Pot shards challenge history of writing

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The Independent Online
ARCHAEOLOGISTS believe they may have found the earliest example of writing in primitive inscriptions etched on to fragments of ancient pottery at a site in Pakistan.

Experts have dated some of the pottery to about 3,500BC, which could predate by several centuries the writing of the Sumerians of Mesopotamia, who were considered to have invented written language.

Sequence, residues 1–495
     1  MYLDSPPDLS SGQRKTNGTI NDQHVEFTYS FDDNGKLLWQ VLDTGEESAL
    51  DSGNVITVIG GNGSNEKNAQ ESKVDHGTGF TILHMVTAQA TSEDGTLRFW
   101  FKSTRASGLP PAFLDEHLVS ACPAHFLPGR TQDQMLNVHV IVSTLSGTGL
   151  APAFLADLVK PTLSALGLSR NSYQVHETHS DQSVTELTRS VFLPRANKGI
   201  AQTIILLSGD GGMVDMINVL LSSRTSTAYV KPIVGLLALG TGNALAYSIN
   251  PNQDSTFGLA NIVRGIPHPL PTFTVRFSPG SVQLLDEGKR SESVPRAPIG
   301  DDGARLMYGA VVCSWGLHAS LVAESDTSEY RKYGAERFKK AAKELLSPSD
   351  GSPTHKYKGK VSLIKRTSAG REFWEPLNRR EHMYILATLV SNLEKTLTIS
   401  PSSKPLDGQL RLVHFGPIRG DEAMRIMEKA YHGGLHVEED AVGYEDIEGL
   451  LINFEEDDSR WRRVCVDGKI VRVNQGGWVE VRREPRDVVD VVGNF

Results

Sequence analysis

The fragments were found at a site called Harappa, which was a small settlement 5,500 years ago but by 2,500BC had developed into an important centre of the Indus civilisation.

Dr Richard Meadow, director of the Harappa Archaeological Research Project at Harvard University in the US, said the simple inscriptions on the shards bore similarities to later Indus writing. But he said he was unable at present to confirm that the symbols were part of a written language. They may represent the contents of the jars or be signs associated with a deity.